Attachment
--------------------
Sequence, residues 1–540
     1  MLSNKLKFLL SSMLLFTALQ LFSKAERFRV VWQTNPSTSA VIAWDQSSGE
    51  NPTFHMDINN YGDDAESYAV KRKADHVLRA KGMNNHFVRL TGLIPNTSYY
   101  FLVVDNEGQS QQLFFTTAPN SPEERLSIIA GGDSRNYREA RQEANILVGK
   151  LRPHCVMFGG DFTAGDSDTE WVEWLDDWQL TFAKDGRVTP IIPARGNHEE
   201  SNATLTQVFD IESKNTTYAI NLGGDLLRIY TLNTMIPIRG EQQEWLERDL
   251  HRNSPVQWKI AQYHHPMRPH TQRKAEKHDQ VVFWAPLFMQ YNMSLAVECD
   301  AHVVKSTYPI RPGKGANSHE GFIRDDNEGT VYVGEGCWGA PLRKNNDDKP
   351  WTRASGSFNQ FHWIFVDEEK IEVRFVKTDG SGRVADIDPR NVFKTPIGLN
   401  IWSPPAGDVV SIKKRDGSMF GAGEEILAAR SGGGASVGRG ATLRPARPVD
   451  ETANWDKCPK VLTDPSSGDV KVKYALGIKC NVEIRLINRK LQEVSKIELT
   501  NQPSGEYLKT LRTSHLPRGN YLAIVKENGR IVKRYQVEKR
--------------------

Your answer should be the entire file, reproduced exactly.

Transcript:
Sequence, residues 1–540
     1  MLSNKLKFLL SSMLLFTALQ LFSKAERFRV VWQTNPSTSA VIAWDQSSGE
    51  NPTFHMDINN YGDDAESYAV KRKADHVLRA KGMNNHFVRL TGLIPNTSYY
   101  FLVVDNEGQS QQLFFTTAPN SPEERLSIIA GGDSRNYREA RQEANILVGK
   151  LRPHCVMFGG DFTAGDSDTE WVEWLDDWQL TFAKDGRVTP IIPARGNHEE
   201  SNATLTQVFD IESKNTTYAI NLGGDLLRIY TLNTMIPIRG EQQEWLERDL
   251  HRNSPVQWKI AQYHHPMRPH TQRKAEKHDQ VVFWAPLFMQ YNMSLAVECD
   301  AHVVKSTYPI RPGKGANSHE GFIRDDNEGT VYVGEGCWGA PLRKNNDDKP
   351  WTRASGSFNQ FHWIFVDEEK IEVRFVKTDG SGRVADIDPR NVFKTPIGLN
   401  IWSPPAGDVV SIKKRDGSMF GAGEEILAAR SGGGASVGRG ATLRPARPVD
   451  ETANWDKCPK VLTDPSSGDV KVKYALGIKC NVEIRLINRK LQEVSKIELT
   501  NQPSGEYLKT LRTSHLPRGN YLAIVKENGR IVKRYQVEKR